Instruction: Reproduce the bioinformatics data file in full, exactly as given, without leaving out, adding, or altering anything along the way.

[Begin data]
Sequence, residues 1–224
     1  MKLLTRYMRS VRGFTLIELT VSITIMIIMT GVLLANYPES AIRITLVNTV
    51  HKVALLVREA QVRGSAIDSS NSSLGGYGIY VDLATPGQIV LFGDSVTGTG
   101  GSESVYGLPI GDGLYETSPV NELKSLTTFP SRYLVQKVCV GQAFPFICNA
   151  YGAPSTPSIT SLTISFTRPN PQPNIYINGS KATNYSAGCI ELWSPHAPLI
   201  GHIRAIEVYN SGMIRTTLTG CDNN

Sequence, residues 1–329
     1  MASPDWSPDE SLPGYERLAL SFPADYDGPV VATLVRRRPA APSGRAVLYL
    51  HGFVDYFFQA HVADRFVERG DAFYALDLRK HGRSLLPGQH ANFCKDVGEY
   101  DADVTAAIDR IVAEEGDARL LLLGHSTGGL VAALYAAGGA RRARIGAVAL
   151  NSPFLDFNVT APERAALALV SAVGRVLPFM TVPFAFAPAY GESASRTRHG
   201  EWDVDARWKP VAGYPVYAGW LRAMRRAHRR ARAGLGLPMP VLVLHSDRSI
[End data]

Sequence, residues 1–224
     1  MKLLTRYMRS VRGFTLIELT VSITIMIIMT GVLLANYPES AIRITLVNTV
    51  HKVALLVREA QVRGSAIDSS NSSLGGYGIY VDLATPGQIV LFGDSVTGTG
   101  GSESVYGLPI GDGLYETSPV NELKSLTTFP SRYLVQKVCV GQAFPFICNA
   151  YGAPSTPSIT SLTISFTRPN PQPNIYINGS KATNYSAGCI ELWSPHAPLI
   201  GHIRAIEVYN SGMIRTTLTG CDNN

Sequence, residues 1–329
     1  MASPDWSPDE SLPGYERLAL SFPADYDGPV VATLVRRRPA APSGRAVLYL
    51  HGFVDYFFQA HVADRFVERG DAFYALDLRK HGRSLLPGQH ANFCKDVGEY
   101  DADVTAAIDR IVAEEGDARL LLLGHSTGGL VAALYAAGGA RRARIGAVAL
   151  NSPFLDFNVT APERAALALV SAVGRVLPFM TVPFAFAPAY GESASRTRHG
   201  EWDVDARWKP VAGYPVYAGW LRAMRRAHRR ARAGLGLPMP VLVLHSDRSI